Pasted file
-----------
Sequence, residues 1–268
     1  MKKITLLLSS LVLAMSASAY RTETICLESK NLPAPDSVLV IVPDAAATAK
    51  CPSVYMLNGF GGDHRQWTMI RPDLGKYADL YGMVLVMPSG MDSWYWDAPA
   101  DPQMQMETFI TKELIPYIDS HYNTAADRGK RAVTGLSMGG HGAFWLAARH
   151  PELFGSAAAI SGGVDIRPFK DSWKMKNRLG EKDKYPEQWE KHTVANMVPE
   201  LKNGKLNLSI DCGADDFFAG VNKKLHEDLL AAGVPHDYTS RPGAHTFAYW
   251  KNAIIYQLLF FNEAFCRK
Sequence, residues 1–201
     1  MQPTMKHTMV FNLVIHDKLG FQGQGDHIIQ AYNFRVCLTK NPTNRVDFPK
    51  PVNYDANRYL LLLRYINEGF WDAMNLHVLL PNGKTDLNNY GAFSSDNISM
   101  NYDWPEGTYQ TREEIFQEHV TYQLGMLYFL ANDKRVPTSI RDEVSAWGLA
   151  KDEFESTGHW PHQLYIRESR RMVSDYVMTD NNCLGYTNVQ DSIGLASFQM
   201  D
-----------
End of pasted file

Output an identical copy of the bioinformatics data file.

Sequence, residues 1–268
     1  MKKITLLLSS LVLAMSASAY RTETICLESK NLPAPDSVLV IVPDAAATAK
    51  CPSVYMLNGF GGDHRQWTMI RPDLGKYADL YGMVLVMPSG MDSWYWDAPA
   101  DPQMQMETFI TKELIPYIDS HYNTAADRGK RAVTGLSMGG HGAFWLAARH
   151  PELFGSAAAI SGGVDIRPFK DSWKMKNRLG EKDKYPEQWE KHTVANMVPE
   201  LKNGKLNLSI DCGADDFFAG VNKKLHEDLL AAGVPHDYTS RPGAHTFAYW
   251  KNAIIYQLLF FNEAFCRK
Sequence, residues 1–201
     1  MQPTMKHTMV FNLVIHDKLG FQGQGDHIIQ AYNFRVCLTK NPTNRVDFPK
    51  PVNYDANRYL LLLRYINEGF WDAMNLHVLL PNGKTDLNNY GAFSSDNISM
   101  NYDWPEGTYQ TREEIFQEHV TYQLGMLYFL ANDKRVPTSI RDEVSAWGLA
   151  KDEFESTGHW PHQLYIRESR RMVSDYVMTD NNCLGYTNVQ DSIGLASFQM
   201  D